In the post 09/11 world, the issue of social responsibility is a topic of many political debates and social discussions. Akeel’s comparative analysis is that corporations maximize their bottom lines for their shareholders, even if it involves wrongdoing. Through measured results, they show this maximization. However, unlawful behavior contends with social responsibility from an international perspective.

According to Akeel, U.S. attorneys are foot soldiers of the U.S. Constitution, but they are “…foot soldiers of the Geneva Conventions and international human rights.” Globalization and the interdependency inherent in global economics is a key role in legal expansion.

People in search of a definition for torture should read an article written by Mark E. Wojcik for the Illinois State Bar Association’s newsletter, “Constitutional Law and Liberty.” Wojcik is the Director of Global Legal Studies at JMLS and his article is titled, “Torture and war crimes – Violations of international law and our constitutional values.”

He writes:

"In 2000, the International Criminal Tribunal for the Former Yugoslavia (ICTY) Appeals Chamber affirmed the elements of the crime of torture in the situation of armed conflict:

'(1)…the infliction, by act or omission, of severe pain or suffering, whether physical or mental; in addition

(2) this act or omission must be intentional;

(3) it must aim at obtaining information or a confession, or at punishing, intimidating, humiliating or coercing a victim or a third person, or at discriminating, on any ground, against the victim or a third person;

(4) it must be linked to armed conflict…'"

and the definition is a point of reference for examination.

Wojcik introduced Akeel at the lecture; and he explained what constitutes the address of human rights abuses.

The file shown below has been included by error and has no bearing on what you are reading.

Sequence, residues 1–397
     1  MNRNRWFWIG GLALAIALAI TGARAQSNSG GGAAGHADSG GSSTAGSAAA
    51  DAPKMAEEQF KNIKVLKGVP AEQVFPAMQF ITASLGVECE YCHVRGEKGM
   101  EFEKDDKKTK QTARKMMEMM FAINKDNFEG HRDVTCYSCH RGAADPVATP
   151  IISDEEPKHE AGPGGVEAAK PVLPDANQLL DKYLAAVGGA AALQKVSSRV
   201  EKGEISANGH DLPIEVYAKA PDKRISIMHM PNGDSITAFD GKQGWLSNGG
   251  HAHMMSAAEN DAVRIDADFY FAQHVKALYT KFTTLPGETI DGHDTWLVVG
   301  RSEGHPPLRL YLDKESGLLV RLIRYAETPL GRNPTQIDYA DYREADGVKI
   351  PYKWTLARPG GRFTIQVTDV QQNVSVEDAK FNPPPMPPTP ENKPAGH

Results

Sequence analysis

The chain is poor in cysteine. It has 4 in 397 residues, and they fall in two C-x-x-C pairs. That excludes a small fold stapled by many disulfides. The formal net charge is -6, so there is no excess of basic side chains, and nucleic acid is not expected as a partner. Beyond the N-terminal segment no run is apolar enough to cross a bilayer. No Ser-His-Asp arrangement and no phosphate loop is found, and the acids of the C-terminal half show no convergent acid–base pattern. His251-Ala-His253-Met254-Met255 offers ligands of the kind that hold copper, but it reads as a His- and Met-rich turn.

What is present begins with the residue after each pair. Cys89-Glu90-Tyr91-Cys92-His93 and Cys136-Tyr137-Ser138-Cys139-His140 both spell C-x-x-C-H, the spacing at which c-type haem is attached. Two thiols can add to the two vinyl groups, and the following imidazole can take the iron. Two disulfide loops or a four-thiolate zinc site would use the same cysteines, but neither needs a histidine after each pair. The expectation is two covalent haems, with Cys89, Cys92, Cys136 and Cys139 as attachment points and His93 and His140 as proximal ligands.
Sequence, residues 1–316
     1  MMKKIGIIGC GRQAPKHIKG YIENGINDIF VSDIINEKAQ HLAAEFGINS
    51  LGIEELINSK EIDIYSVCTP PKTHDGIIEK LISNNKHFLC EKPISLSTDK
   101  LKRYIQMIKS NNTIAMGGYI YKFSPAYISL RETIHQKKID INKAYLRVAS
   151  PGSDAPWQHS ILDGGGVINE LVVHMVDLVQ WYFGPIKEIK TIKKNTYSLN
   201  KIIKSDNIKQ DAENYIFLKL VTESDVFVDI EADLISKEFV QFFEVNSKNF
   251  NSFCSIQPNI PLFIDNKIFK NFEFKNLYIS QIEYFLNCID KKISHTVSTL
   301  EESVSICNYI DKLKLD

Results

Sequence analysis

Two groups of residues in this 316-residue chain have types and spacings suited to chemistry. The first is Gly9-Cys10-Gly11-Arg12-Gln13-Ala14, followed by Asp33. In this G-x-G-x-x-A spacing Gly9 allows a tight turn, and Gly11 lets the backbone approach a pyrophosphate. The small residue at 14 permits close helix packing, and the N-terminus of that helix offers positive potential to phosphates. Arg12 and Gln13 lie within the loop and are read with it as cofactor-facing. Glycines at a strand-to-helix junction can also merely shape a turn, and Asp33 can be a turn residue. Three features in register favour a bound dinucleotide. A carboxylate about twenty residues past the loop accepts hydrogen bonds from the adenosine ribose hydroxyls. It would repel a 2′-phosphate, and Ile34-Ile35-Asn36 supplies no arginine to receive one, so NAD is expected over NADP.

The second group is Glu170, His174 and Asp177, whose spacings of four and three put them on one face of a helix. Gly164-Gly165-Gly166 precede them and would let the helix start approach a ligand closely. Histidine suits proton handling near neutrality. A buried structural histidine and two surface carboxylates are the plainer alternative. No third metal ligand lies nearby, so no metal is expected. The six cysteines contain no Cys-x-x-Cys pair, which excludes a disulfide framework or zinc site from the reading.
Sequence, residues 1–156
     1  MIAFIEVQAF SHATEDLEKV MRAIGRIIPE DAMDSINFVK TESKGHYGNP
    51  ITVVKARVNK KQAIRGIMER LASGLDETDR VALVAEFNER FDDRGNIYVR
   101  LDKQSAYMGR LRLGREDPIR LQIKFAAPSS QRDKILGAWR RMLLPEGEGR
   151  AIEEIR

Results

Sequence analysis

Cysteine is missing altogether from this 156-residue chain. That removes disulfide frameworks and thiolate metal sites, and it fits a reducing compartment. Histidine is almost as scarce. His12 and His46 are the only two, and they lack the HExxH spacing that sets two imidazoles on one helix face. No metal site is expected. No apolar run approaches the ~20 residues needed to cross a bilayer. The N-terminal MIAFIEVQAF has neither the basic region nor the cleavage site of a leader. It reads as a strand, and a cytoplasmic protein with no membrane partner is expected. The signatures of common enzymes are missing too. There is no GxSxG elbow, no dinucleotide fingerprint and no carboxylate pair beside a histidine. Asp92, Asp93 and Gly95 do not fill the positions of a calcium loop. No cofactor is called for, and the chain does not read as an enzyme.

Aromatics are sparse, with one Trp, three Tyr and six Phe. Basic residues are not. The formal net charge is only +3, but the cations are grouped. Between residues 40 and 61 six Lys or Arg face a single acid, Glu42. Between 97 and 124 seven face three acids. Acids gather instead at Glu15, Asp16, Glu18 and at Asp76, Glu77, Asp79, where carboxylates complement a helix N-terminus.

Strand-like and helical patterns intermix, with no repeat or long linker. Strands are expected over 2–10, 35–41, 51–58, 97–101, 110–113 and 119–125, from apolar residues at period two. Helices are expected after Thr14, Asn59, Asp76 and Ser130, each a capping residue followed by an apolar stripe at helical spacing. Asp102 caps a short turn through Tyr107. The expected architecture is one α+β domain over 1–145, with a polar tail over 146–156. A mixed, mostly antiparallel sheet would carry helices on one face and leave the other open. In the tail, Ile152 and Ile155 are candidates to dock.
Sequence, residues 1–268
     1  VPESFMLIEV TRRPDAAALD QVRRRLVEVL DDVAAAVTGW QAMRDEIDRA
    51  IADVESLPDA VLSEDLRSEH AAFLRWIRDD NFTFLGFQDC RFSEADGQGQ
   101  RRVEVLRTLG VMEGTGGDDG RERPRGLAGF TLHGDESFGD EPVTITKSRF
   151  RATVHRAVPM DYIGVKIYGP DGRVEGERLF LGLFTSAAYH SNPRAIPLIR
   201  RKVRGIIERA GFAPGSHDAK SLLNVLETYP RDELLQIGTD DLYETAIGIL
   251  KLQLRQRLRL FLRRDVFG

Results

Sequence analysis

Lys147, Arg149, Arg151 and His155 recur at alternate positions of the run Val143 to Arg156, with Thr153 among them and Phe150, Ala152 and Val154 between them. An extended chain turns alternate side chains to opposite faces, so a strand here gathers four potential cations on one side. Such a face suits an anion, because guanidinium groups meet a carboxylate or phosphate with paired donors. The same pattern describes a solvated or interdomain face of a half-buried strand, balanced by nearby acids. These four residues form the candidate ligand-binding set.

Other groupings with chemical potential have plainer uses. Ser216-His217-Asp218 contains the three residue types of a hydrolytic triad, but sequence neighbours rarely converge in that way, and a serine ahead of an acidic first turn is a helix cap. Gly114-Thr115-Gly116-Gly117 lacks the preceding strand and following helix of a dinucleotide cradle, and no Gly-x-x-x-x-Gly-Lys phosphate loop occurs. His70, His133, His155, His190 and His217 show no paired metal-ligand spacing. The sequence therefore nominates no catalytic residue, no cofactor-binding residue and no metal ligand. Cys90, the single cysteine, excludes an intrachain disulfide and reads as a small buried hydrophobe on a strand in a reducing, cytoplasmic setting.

Akeel states his clients were tortured, sodomized, raped, beaten, urinated upon . . . the list is extensive.

Through detailed research, Akeel resurfaced the 215-year-old U.S. Alien Tort Claims Act of 1789. The statute, in layman’s terms, means people subjected to violations of international law overseas (not on American soil) have a right to file a tort (wrongful act) claim in a U.S. court. Since the U.S. Foreign Court Claim Act allows victims to seek compensation for crimes committed on American soil, the Alien Tort Claims Act gives victims more leverage. This statute, along with the RICO Act (pertains to unlawful activity of organized crime), will be used as legal redress for the alleged perpetration of conduct by the implicated employees of these corporations.

Akeel talked at great length about accountability and responsibility. He provided U.S. legislative history on these statutes and laws.

“Congress recognized back in the ‘90s that they need to shed some light on this statute,” he said. It is an important act with regards to liability and damages.

For several reasons, Akeel accepted this case. “It is important to send the message that America has a process to seek legal redress,” he said. “It’s vital these claims succeed.”


The Center for Constitutional Rights works with Akeel and the legal team. The JMLS International Law Society, Amnesty International, the Muslim Law Students Association, the American Constitution Society, and JMLS’ Global Legal Studies sponsored the lecture.

Additional resource information can be found at:

Center for Constitutional Rights

UN Convention Against Torture

Sworn Statements by Abu Ghraib Detainees

Army’s Fay Report